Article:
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Deep Learning Technology: Sebastian Arnold, Betty van Aken, Paul Grundmann, Felix A. Gers and Alexander Löser. Learning Contextualized Document Representations for Healthcare Answer Retrieval. The Web Conference 2020 (WWW'20)

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Are We Ready for Coronavirus Disease 2019 Arriving at Schools?

As part of mitigation strategies during the coronavirus disease 2019 (COVID-19) outbreak, schools in many parts of the world have been closed. In the Republic of Korea, the Ministry of Education postponed the start of the new school year until March 23, 2020. With the decrease in the number of new cases of COVID-19, the government is now discussing whether or not to extend the closure of schools.

It is challenging to make guidance on school closure because its impact on the COVID-19 outbreak remains unpredictable. It is further complicated by the data suggesting children are less susceptible to this novel virus and less ill.123 Strategies to mitigate the COVID-19 epidemic are rooted in the pandemic influenza preparedness plan.4 Nonpharmaceutical interventions provide time for mitigation in the case of pandemic influenza.5 Historical findings demonstrated a strong association between early school closure and mitigation of the 1918–1919 influenza pandemic in the United States.6 Yet, a few observational studies and mathematical models have shown varied conclusions about the effects of reactive school closures on the course of influenza outbreaks.7 Models have generally predicted a reduction in the peak incidence of 20%–60%, but these predictions depend on the model's assumptions, and some studies have predicted no reduction in the attack rates. Nonetheless, COVID-19 is not influenza, as it exhibits different viral kinetics, transmission dynamics, and clinical outcomes.

From the early epidemiological reports on COVID-19, we see a low frequency of cases and less severity among children. As of March 15, 2020, among 8,162 confirmed COVID-19 patients in Korea, 83 (1.0%) were aged 0–9 years and 427 (5.2%) were aged 10–19 years.8 Adults with COVID-19 efficiently transmit the virus during the asymptomatic or pre-symptomatic phase.9 A recent study on close contacts in China shows similar infection rates among children and adults.10 In such context, it is reasonable to expect that children are a source of transmission in the community, despite their mild symptoms. As outbreaks are occurring in places where people interact with each other closely, transmission between children is likely to occur when schools open, thus triggering a second wave in the community. Opening of schools is also expected to increase contact rates in the community, decreasing the effectiveness of social distancing, which is the mainstay of the current mitigation strategy.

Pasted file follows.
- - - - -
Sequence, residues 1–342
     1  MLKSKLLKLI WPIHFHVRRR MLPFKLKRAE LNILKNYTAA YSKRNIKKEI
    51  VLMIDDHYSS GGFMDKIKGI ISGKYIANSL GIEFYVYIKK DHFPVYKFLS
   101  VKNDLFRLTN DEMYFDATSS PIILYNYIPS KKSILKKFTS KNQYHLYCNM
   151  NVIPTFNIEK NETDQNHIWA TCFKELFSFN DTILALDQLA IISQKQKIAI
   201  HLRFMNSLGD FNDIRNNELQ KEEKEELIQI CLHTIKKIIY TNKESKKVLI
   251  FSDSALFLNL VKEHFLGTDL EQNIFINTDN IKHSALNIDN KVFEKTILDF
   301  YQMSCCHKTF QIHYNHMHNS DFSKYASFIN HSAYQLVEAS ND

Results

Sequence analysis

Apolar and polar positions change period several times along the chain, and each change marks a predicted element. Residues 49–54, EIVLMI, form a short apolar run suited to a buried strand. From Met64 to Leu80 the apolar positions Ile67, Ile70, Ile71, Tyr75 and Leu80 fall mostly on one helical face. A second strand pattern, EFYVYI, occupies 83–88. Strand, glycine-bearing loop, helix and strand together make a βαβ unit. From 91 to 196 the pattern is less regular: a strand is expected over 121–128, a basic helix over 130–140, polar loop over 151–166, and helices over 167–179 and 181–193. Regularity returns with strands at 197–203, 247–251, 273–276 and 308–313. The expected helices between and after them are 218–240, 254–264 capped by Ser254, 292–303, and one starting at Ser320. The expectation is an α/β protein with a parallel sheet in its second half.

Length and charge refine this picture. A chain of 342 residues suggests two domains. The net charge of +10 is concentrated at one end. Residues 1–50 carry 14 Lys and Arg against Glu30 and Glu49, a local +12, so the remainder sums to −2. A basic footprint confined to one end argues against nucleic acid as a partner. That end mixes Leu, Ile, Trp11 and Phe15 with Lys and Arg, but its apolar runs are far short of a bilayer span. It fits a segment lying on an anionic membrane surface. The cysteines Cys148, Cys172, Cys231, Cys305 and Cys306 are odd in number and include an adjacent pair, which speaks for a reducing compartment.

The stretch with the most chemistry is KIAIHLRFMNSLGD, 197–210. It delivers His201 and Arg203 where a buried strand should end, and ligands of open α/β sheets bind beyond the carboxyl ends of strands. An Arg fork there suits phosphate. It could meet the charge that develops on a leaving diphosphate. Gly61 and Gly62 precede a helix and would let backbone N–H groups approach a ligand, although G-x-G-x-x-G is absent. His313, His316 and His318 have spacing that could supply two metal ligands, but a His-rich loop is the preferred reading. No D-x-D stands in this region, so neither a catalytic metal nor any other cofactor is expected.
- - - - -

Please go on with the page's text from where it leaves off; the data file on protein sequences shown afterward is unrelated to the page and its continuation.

Before ending school closures, schools should prepare for the possible occurrence of COVID-19 on campus. The level of action and quarantine in the case of a school-outbreak will be significant and will require the closure of the affected school. Standardized measures that can be applied to affected schools should be in place, such as detailed guidance for school closure, disinfection, and contact management.

At this moment, we do not have strong evidence to guide decisions on durations of school closures and how various durations will effect public health. A few days of closure is reasonable in response to school-based cases of COVID-19 for decontamination and contact tracing; while medium to longer lengths of closure (4–8 weeks) may be considered as part of a broader community mitigation strategy.11 Extending school closure will likely support the overall effectiveness of social distancing and thus aid in lowering the peak of the epidemic curve. The policy should be balanced between public health benefits and the significant societal consequences.